DURHAM, N.C.--Duke University Medical Center scientists have discovered a biological mechanism in mice that prolongs morphine's painkilling effects. Their findings could lead to the development of new drugs that make morphine last longer and relieve pain at lower doses.
The researchers report in the Dec. 24 Science that morphine prevents pain longer and more completely when administered to mice engineered to lack a protein switch called "beta-arrestin 2." Beta-arrestin normally comes into play after morphine is administered by blocking the chemical signal that morphine sends to the brain to suppress pain sensation. Thus, when the researchers genetically altered mice to lack beta-arrestin, morphine remained effective for longer periods in those mice, and lower morphine doses were required to achieve pain relief in these mice.
The findings come from the laboratories of Dr. Robert Lefkowitz and Marc Caron, both Howard Hughes Medical Institute investigators at Duke Medical Center.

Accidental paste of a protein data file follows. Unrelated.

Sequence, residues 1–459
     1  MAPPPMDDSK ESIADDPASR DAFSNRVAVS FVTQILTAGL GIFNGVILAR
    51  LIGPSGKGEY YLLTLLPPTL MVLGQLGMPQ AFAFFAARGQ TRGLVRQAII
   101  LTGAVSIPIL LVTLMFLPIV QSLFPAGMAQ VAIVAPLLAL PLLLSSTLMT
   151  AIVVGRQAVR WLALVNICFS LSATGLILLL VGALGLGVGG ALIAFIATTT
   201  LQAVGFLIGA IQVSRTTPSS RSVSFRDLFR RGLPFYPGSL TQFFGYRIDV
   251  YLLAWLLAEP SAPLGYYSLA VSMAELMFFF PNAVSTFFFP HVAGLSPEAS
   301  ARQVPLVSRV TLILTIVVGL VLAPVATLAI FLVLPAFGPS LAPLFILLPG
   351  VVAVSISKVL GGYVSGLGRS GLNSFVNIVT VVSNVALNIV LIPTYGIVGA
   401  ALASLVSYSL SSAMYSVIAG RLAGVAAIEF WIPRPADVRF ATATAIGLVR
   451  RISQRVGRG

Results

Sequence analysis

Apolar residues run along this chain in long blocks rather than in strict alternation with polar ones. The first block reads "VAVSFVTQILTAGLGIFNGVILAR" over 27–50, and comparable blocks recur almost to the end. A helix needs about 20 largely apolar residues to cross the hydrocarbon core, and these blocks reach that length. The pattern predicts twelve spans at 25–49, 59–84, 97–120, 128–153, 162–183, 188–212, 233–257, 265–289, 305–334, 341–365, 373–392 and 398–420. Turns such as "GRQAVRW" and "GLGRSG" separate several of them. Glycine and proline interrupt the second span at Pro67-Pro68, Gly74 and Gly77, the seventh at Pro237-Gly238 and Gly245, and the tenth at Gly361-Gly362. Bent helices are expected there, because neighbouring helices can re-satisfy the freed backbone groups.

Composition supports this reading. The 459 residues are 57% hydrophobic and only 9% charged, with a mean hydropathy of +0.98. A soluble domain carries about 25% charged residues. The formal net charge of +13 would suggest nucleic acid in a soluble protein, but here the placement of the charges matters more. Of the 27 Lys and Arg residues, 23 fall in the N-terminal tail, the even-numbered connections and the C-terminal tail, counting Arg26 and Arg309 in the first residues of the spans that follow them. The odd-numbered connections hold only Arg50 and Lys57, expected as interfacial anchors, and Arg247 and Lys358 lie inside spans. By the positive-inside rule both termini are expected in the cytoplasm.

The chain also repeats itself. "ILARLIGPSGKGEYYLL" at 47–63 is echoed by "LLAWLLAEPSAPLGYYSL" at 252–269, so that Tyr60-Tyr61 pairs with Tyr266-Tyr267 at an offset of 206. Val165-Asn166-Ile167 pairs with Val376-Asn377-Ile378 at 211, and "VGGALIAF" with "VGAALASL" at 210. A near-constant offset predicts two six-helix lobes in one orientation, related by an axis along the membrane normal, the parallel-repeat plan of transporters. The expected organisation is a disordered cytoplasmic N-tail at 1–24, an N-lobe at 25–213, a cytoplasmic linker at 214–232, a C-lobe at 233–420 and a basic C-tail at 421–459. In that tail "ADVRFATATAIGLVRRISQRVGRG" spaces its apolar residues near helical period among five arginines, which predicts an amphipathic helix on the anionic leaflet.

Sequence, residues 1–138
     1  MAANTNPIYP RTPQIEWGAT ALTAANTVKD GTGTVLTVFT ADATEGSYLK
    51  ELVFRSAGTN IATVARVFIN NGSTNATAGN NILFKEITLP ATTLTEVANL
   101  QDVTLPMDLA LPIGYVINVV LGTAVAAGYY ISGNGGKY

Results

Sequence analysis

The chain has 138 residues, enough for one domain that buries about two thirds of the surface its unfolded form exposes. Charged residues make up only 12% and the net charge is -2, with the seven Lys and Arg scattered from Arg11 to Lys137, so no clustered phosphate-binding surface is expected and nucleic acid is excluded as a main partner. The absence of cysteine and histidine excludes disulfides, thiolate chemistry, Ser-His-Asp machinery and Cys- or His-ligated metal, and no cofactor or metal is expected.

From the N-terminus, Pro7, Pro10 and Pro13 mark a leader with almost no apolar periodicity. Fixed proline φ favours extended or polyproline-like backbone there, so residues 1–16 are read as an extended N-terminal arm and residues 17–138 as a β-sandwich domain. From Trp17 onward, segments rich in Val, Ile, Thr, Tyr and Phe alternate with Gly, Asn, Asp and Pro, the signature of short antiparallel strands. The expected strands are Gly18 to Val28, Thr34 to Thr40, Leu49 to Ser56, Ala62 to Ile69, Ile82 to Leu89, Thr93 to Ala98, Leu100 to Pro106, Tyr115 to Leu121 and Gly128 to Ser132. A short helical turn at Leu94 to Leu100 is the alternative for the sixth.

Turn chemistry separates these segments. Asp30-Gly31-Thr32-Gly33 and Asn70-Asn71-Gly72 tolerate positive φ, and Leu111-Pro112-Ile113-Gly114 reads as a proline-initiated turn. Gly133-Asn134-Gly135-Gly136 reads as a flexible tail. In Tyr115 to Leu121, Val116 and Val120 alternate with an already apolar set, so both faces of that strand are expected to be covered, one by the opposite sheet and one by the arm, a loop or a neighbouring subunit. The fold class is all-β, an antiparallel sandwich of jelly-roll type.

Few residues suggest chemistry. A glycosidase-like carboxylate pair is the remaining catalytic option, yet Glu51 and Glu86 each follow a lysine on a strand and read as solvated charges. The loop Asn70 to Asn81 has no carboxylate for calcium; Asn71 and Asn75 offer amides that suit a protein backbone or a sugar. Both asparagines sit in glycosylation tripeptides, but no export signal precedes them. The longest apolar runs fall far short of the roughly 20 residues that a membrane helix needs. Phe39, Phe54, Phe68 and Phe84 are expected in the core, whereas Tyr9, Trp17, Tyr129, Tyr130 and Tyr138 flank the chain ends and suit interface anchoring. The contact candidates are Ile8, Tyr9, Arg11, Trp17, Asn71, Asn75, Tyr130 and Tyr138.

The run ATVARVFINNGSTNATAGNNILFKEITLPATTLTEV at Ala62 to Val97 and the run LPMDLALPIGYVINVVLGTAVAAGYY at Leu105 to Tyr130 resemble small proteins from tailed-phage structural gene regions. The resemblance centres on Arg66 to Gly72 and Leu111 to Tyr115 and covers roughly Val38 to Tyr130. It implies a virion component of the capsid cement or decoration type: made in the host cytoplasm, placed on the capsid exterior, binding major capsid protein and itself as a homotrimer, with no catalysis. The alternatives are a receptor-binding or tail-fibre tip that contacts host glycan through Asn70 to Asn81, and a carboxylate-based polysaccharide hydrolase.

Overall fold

At the heart of the study is a metabolic process known as "desensitization," in which an initially receptive cell develops a reduced response to a chemical stimulus. For example, desensitization occurs when a person who has entered a coffee shop quickly becomes accustomed to the aroma and no longer notices it. The stimulus hasn't disappeared, but the olfactory sensory cells that first responded to the smells ignore the stimulus after a time.
Beta-arrestin is part of the cell's machinery that produces desensitization to morphine after the morphine molecule initially binds to a receptor on the surface of nerve cells. Receptors are proteins that relay chemical signals from outside the cell to the cell's machinery to cause a cellular response.
"When the morphine receptor is activated by binding morphine, it transmits a message that
initially suppresses pain perception," explained Laura Bohn, a postdoctoral fellow in Caron's
Contact: Renee Twombly
Duke University Medical Center